I, for one, find it sad. A fair and free press is one of the cornerstones of our democracy. I’m grateful, beyond words, for the new media (blogs). I gave up national papers years ago (still get local one about our community). And, I have been saying for over four years now that “if it weren’t for blogs, I’d have no news at all”. I think our print media could save itself if it would return to journalism 101 (who, what, where, when and why) and mix in various and opposing views in the their op-ed pages. However; I don’t think they have what it takes any more. They suffer from their own “group think”.

    Years ago, if you asked a Journalist why he chose that profession…

    he would respond that he wanted to find and “report the truth”.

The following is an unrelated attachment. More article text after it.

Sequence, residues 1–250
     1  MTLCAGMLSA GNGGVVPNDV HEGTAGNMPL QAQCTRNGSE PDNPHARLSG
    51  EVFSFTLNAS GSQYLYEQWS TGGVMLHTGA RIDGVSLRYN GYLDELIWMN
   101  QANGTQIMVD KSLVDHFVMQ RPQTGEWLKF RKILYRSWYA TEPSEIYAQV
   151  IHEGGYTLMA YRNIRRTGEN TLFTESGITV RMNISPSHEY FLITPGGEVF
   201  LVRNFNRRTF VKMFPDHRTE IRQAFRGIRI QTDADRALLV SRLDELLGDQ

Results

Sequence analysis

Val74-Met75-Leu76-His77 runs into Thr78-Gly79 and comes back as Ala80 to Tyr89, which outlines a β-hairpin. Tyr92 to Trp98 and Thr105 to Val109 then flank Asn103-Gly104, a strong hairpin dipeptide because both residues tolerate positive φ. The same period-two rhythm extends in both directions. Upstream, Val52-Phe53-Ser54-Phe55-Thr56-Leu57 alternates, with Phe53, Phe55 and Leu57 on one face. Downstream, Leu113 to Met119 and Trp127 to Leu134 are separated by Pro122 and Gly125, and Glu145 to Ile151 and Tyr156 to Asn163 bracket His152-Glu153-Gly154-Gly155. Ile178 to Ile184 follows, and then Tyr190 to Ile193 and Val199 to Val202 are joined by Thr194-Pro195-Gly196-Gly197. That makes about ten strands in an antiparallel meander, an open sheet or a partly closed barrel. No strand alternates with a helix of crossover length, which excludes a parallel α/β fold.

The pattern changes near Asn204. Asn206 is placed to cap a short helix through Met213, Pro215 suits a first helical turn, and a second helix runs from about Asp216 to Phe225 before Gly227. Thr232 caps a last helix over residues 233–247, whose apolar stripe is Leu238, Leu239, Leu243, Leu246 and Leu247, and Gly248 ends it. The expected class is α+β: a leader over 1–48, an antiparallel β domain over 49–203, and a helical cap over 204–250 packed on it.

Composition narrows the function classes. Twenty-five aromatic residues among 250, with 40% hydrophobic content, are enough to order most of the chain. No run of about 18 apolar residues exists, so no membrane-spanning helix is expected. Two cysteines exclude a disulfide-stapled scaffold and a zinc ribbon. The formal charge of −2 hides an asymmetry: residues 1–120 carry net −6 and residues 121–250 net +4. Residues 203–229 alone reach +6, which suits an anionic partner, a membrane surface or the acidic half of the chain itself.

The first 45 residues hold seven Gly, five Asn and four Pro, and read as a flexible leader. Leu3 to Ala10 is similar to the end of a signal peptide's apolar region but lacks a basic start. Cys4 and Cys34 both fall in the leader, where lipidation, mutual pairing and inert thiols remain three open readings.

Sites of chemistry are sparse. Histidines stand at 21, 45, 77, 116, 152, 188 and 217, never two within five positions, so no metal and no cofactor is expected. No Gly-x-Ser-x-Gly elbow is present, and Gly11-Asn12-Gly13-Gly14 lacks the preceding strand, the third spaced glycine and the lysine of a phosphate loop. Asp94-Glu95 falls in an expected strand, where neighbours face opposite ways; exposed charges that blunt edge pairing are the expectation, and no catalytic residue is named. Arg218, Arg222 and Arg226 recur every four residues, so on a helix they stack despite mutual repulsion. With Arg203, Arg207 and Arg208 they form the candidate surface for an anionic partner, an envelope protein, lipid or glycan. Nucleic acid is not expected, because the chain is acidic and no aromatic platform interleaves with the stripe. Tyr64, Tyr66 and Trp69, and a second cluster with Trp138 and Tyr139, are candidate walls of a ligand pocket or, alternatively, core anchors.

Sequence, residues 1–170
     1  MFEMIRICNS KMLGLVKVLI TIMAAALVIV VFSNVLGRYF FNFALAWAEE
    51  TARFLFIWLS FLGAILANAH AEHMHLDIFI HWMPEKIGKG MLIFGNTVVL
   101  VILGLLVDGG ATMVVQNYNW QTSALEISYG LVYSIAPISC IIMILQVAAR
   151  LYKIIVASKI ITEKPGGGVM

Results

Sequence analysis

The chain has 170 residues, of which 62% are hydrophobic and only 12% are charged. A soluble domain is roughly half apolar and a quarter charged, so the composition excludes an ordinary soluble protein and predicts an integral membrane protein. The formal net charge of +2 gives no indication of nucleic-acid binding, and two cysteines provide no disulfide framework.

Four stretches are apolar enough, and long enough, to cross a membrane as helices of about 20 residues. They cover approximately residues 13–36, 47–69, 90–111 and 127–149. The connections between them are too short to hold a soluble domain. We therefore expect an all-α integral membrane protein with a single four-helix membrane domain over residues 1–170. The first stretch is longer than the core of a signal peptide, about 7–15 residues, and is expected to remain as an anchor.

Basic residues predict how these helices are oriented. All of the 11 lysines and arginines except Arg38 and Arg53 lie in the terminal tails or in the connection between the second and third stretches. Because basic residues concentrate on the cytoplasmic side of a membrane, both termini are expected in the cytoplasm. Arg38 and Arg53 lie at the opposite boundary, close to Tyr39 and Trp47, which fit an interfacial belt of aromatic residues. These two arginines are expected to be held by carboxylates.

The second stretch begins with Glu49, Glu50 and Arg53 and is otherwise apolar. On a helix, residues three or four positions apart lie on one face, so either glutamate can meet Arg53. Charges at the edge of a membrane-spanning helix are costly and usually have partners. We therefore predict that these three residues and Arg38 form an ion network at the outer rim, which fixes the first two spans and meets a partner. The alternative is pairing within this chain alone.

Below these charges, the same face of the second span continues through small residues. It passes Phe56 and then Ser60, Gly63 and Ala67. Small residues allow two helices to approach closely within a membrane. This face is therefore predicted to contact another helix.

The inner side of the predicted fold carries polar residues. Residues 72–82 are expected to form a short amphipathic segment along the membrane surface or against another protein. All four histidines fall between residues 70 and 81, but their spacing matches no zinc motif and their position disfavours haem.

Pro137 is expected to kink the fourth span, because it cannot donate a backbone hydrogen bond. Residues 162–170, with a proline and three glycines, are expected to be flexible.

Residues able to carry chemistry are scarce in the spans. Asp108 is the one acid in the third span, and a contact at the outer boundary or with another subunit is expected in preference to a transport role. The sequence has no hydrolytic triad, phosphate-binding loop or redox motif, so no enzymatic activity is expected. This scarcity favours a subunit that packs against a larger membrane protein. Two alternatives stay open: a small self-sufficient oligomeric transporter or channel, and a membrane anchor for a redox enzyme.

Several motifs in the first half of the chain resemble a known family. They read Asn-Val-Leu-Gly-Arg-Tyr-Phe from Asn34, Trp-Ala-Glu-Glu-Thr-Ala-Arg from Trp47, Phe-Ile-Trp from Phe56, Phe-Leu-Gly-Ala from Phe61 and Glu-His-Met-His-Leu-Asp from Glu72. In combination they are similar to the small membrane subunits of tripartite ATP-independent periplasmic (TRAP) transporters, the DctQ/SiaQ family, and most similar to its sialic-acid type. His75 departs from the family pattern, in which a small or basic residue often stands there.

he would respond that he wants to “change the world”.

    The problem is that most Americans actually know the difference.

  6. WWS says:

    Not that I’m a big fan of Kinsley, but if you read his article through he explains why those proposed “fixes” won’t solve any of the real problems.

    His conclusion is basically “let them die.” I must say that I agree.

  7. marksbbr says:

    I’m probably the only one here that thinks this way, but I’ve always believed that the newspapers are dying out because nobody is going to pay for a print edition of the “news” when they can read the same articles online for free.

    But when it comes to the “news” networks, without a doubt there is a reason why Fox outranks CNN and MSNBC… undeniable left wing bias, especially from the latter. Watching MSNBC is actually a little funny, however, in how they portray Obama and his policies.

  8. AJStrata says:


    I actually think what you said was the root cause. But the media could have held off the ‘cheap’ path if they were producing high quality, unbiased ‘news’.

    People thrive on accurate information – it is the essential human commodity from which all of our economics and societal structure emanates.

    Lousy information means rejection by the masses hunting for good information.